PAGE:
No future for dealers

The only surprise is that electronic trading has not happened sooner
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The Independent Online
Almost my first job in the City was as an unauthorised clerk, or Blue Button, on the floor of the London Stock Exchange. For those who experienced the British public schools system during the immediate post- war period, it was a bit like being a fag. In this case you were fagging for the authorised clerks, or dealers.

They were the people charged with buying and selling shares on behalf of the firm's clients. The most senior of these were members of the Stock Exchange.

In 1966, when I was transferred from the market back to the office, I did not want to go. At the age of 21 I could have become authorised myself, but a kindly old member told me I should take the opportunity to move away from the floor of the Stock Exchange. The future did not rest with dealers in his opinion. How right he was.

Over the past three decades I have seen the number of people employed in dealing departments slashed. In terms of numbers the reduction has probably not been that great. But because business has expanded massively, as a percentage of employees in a stockbroking firm the number has dropped dramatically. Next month more changes seem set to continue the erosion of the position of stockbroking dealers.

The Stock Exchange Electronic Trading Service (Sets) comes into operation on 20 October. It will bring the London market up to the same speed as many overseas exchanges. It will allow buyers and sellers of shares to be matched by way of the computer, rather than having orders executed through a market-maker who would make a profit on the transaction. Not only should it lead to more efficient markets, but the cost of dealing should be cut as well.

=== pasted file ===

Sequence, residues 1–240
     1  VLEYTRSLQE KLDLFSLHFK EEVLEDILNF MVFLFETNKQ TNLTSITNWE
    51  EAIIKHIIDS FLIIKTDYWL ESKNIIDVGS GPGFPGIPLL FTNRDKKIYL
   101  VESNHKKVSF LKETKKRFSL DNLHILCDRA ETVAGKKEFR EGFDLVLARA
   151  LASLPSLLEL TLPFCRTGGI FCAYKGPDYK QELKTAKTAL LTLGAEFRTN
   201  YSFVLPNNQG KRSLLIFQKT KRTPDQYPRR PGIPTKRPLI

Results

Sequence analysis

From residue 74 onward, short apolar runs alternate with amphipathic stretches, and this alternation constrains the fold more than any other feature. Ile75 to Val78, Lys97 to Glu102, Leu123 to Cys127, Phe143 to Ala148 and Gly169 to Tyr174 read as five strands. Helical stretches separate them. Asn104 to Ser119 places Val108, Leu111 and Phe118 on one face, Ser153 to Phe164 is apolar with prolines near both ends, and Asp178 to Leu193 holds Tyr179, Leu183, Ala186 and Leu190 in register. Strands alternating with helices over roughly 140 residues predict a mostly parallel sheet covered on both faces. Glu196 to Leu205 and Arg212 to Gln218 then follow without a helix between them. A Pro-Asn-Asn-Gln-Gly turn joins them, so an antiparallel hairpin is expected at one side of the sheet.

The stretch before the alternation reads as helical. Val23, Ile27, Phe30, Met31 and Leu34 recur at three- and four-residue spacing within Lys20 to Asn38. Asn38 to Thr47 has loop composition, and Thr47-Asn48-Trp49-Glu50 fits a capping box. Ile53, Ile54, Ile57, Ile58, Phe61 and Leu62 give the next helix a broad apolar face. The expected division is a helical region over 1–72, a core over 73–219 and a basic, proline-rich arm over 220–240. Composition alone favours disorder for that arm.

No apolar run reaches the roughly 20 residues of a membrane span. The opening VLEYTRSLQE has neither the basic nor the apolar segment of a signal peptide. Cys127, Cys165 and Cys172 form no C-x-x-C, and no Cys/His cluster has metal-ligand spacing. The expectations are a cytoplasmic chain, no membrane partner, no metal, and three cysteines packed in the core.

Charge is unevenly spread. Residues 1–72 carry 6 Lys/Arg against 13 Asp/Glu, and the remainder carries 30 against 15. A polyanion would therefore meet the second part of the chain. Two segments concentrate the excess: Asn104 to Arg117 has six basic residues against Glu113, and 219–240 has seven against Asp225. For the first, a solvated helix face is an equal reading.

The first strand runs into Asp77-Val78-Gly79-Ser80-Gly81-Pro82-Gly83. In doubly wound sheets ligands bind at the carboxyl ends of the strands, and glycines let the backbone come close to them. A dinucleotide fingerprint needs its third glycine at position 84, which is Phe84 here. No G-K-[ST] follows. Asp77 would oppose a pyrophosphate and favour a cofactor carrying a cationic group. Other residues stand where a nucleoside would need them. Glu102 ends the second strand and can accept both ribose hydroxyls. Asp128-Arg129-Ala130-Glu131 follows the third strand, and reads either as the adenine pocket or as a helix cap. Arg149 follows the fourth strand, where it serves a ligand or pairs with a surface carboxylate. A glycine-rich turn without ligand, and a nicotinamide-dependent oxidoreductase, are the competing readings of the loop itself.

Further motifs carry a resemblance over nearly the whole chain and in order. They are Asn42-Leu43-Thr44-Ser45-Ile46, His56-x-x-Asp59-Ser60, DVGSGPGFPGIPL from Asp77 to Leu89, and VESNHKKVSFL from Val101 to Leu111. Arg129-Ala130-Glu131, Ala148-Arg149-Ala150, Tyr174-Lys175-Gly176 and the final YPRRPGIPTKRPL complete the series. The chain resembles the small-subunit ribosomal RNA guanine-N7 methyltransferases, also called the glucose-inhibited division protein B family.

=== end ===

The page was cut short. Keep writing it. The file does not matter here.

Electronic matching of bargains is not new. In the 1970s a group of institutions set up a trading system called Ariel. It was not a success. Many of the institutions who subscribed watched the screen to find out what other people were doing and then used the anonymity of the stock market to transact their own business. Things are different today.

Computers have become much more important both in trading shares and in monitoring activity. Knowledge once confined to dealers on the floor of the Stock Exchange is now displayed on screens around the City. With the ending of face-to-face trading on the floor and the publication of market-makers' prices on screens in every investment professional's office, there no longer seems the need to avoid taking that extra step which will remove the need for human involvement in a transaction. The only surprise is that it has not happened sooner.

For the electronic order book, as it is known, to work properly, all those involved in securities trading need to have confidence in the system. Many City workers had last weekend disrupted by the need to submit to tests of Sets. The result was mixed. In order to ensure the system would cope with volatile markets, a day's trading was simulated whereby the FTSE 100 indexrose and fell 200 points rapidly. On balance most practitioners consider the system can take the strain, but there was by no means universal acclaim.

One effect though, has been quite dramatic. The Stock Exchange announced it is to lop 60 per cent off the charges it makes for allowing business to be transacted through London. This is a reflection of the fact that TradePoint, the alternative market formed by former Stock Exchange employees, is now sufficiently well established to represent a real threat and is providing a much cheaper alternative.

The announcement that a number of major inter-dealer brokers, which admittedly are supporting TradePoint financially, will switch electronic trading to the new exchange must have caused some disquiet in Throgmorton Street. It takes competition to bring prices down.

This introduction of the electronic order book is expected to lead to much higher volumes for the London stock market, so in the end the Stock Exchange may not necessarily lose revenue by cutting charges. Its introduction also follows a period when an increasing amount of business is now handled by computers anyway. Many of the larger firms have direct links to market- makers.

Dealers will still be needed to execute difficult or unusual orders. It is just that not so many will be required as before. I'm so glad I took that veteran stockbroker's advice all those years ago.

Brian Tora is chairman of the Greig Middleton investment strategy committee and can be contacted on 0171-655 4000.

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